Monday, October 15, 2007

Had a quiet day yesterday. Took Meg for a long walk down into Worsley, and spent some time exploring the village. It’s not particularly old, but is known as the birthplace of the British canals. It was here, in 1759, that Francis Egerton, the 3rd Duke of Bridgewater, started construction of the first wholey artificial waterway in the country to link his coal mines around Worsley with his market in the rapidly expanding Manchester. Later, the canal was extended to join the Trent and Mersey at Preston Brook, and finally the Leeds and Liverpool at Leigh.
During the construction of the original line, he had cut about 46 miles of underground canal, to link the coal seams to Worsley Delph.

Worsley Delph, where the coal was brought to the surface.
There are several interesting buildings in the village, like the Court House and the Packet House.

The Court House
The Packet House
We set off today at 10:40, and cruised for 10 minutes till we paused so I could retrieve a substantial pallet from the cut. 2 reasons – it saves anyone running over it, and I want one for the roof to carry bags of coal.

Then on to and through Worsley

From here to Waters Meeting was much as expected. Urban canal with the associated rubbish, anglers and disused factories and mills.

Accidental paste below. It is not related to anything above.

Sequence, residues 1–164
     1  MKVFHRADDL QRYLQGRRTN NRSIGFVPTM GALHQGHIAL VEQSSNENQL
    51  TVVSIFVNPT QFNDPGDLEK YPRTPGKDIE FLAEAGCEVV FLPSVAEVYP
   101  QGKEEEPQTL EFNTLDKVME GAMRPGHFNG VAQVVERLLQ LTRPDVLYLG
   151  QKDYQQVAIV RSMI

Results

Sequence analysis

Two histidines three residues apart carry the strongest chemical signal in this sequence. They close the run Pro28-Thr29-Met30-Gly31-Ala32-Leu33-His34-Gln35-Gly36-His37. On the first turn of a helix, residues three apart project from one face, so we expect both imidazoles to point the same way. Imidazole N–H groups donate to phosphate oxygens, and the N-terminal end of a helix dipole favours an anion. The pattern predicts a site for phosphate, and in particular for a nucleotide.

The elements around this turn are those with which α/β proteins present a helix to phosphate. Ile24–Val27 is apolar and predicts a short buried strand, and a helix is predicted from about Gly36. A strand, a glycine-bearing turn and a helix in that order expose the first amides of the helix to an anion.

The grandly named Eccles Spinning and Manufacturing Co. Ltd. Still in use, but not it’s original function, I suspect.
All of these new office buildings in Trafford Park are standing empty.
The highlight for me was passing over the Barton Swing Aqueduct. Mags kept telling me to watch where I was going, as I spent all my time taking photos!

Barton Swing Aqueduct

The aqueduct can be sealed at both ends and swung through 90° to allow large vessels to pass below on the Ship Canal. This, and the adjacent road bridge (pic 2), pivot on a central island. The moving section is 235 feet long and carries 800 tons of water.

At Waters Meeting we were back on familiar water, and after a short stop at Sale Bridge for groceries, we pressed on through Stretford and Sale and out of the conurbation to Dunham Massey, where we moored for the night.

The forecast was for showery weather today, but, apart from a few drops soon after we moored, we got away with it.

Locks none, miles 12½

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